The samples were mixed with binder without additional water to represent industry S/S practise. The raw materials had a high moisture content, >60%, negating the need for additional water during the mixing process. The samples were then cured for 24 h prior to the test. This was done to represent realistic construction conditions where the dredge material is treated and placed within a 24 h period. The monoliths were moulded as 5 cm diameter and 5 cm high cylinders with a surface area of 118 cm2. During the test they were immersed in 500 mL of water; this water was changed at 1, 2, 4, 8 and 15 days and the eluent was tested for a suite of metals, benzene, toluene, ethylbenzene and xylene (BTEX) and total petroleum hydrocarbon (TPH).
In addition to the leachate testing three OPC trial mixes were tested for undrained shear strength. This was undertaken to identify the required binder mix that would achieve the necessary engineering characteristics for reuse as structural fill. Mixes of 8%, 10% and 12% OPC, by weight, were tested at 7, 24 and 280 days. The other binder mixes were not tested after the initial inspection.
The structure of the monoliths at the end of the tank testing, Figure 1
, highlighted the unsuitability of a pure GGBS binder mix as an engineering fill material. Both the 10% and 6% monoliths showed signs of significant degradation when compared to the equivalent OPC% binder mixes. The four OPC mixed monoliths displayed various levels of structural integrity post-immersion, as is borne out by the results of the strength testing discussed below.
A comparison of concentrations of the total concentrations (mg/kg) and the WAC soil concentrations (mg/kg) to the concentrations of the constituent concentrations of the binders (from Table 2
) are presented in Table 4
. The partition coefficients of each contaminant are also presented to provide an indication of the relative ability of each contaminant to bind to a particular sample matrix.
It should be noted that due to the nature of the raw dredged material there was some variability in the contaminant concentrations in each monolith. In addition, the monolith tests were designed to assess the diffusion of the contaminants across a surface; as the structure of the GGBS samples failed during the test it is likely that the amount of leaching from the GGBS samples was affected.
Time–series graphs of the leachate concentrations and the relevant EQS values (where available) for each of the contaminants is presented in Table 1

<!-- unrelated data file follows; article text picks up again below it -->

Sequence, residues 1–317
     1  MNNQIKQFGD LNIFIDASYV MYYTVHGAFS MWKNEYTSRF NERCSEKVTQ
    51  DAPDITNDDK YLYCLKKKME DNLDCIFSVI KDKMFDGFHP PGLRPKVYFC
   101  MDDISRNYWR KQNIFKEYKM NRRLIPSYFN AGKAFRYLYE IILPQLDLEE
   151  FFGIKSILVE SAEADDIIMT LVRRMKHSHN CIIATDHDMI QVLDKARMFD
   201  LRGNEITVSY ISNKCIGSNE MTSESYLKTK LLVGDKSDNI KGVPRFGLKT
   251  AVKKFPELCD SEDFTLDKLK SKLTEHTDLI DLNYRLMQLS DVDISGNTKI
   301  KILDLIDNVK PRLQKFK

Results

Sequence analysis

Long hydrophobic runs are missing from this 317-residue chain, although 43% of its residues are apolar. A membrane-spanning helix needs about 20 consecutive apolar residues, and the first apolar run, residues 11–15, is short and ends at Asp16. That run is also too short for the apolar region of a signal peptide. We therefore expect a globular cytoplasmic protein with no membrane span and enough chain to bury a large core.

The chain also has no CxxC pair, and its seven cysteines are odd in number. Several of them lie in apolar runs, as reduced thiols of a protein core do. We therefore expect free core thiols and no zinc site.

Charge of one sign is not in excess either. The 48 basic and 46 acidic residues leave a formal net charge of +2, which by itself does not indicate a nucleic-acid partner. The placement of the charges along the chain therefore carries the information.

and arsenic, chromium, copper, mercury and zinc are presented in Figure 2
, Figure 3
, Figure 4
, Figure 5
and Figure 6
. The time–series chart for the pH of the eluent is presented in Figure 7
The OPC mixes had a definitive reducing effect on the leachate of the arsenic in the material, Figure 2
. The major reduction occurred within the first 24 h of mixing for all four mixes of OPC with only a minimal difference in the performance from the 12% to the 4% mixture. The GGBS mixes displayed a more complex relationship, where leaching of arsenic as an initial reduction similar to the OPC in the first 24–48 h was followed by a marked increase in leaching, peaking at Day 8 for the 10% mix at 1.1 × 10−1
mg/L and with 6% GGBS displaying a continuous increase with 8.5 × 10−2
mg/L leaching on Day 15. The behaviour of arsenic in GGBS binders is complex with levels of arsenic leachate peaking at almost three times the MAC EQS limit. This represents increased leaching compared with the leachate from the raw samples.
As shown in Table 4
, the concentration of arsenic was highest in GGBS (approximately seven times higher than the OPC concentrations) such that the concentration in the GGBS material was most likely higher than the dredged material used in the sample. The variation between the concentrations of arsenic in the OPC and GGBS samples was expected to be influenced by a combination of a higher proportion of arsenic and a poor sorption to the matrix for the GGBS samples. It is likely that this was exacerbated further by deterioration in the GGBS sample structure.